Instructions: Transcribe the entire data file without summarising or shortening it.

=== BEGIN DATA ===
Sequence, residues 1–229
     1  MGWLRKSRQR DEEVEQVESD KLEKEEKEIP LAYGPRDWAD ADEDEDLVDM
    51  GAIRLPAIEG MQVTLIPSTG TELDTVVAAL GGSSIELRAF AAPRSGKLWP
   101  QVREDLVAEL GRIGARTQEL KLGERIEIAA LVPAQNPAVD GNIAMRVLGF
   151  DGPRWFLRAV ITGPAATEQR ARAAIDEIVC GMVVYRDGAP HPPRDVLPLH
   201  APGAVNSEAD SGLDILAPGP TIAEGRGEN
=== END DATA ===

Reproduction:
Sequence, residues 1–229
     1  MGWLRKSRQR DEEVEQVESD KLEKEEKEIP LAYGPRDWAD ADEDEDLVDM
    51  GAIRLPAIEG MQVTLIPSTG TELDTVVAAL GGSSIELRAF AAPRSGKLWP
   101  QVREDLVAEL GRIGARTQEL KLGERIEIAA LVPAQNPAVD GNIAMRVLGF
   151  DGPRWFLRAV ITGPAATEQR ARAAIDEIVC GMVVYRDGAP HPPRDVLPLH
   201  APGAVNSEAD SGLDILAPGP TIAEGRGEN